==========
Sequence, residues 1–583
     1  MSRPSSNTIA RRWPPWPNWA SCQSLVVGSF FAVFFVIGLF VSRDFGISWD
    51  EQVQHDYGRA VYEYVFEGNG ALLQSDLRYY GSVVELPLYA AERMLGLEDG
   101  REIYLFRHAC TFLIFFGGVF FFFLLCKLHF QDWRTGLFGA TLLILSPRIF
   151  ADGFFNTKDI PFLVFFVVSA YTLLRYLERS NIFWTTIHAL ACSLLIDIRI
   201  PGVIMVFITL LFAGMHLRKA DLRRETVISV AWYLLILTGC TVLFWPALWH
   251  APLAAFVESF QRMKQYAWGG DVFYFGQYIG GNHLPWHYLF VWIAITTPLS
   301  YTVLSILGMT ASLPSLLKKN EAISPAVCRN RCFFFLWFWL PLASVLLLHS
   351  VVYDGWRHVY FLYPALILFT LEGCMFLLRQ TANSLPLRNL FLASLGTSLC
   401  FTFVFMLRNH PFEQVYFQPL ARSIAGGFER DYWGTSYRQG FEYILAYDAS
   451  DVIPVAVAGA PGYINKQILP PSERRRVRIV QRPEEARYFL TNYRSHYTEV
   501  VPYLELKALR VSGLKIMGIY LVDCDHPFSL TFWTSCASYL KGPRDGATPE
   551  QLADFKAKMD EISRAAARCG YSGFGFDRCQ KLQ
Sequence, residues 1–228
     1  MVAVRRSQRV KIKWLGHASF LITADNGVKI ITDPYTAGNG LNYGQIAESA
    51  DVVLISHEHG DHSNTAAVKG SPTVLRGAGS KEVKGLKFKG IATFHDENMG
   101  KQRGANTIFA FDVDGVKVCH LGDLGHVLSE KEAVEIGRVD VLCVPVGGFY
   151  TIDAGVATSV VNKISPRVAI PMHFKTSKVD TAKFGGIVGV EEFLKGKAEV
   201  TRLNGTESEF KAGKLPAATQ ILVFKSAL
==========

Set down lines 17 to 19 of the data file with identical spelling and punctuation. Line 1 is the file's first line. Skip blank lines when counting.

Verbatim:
   101  KQRGANTIFA FDVDGVKVCH LGDLGHVLSE KEAVEIGRVD VLCVPVGGFY
   151  TIDAGVATSV VNKISPRVAI PMHFKTSKVD TAKFGGIVGV EEFLKGKAEV
   201  TRLNGTESEF KAGKLPAATQ ILVFKSAL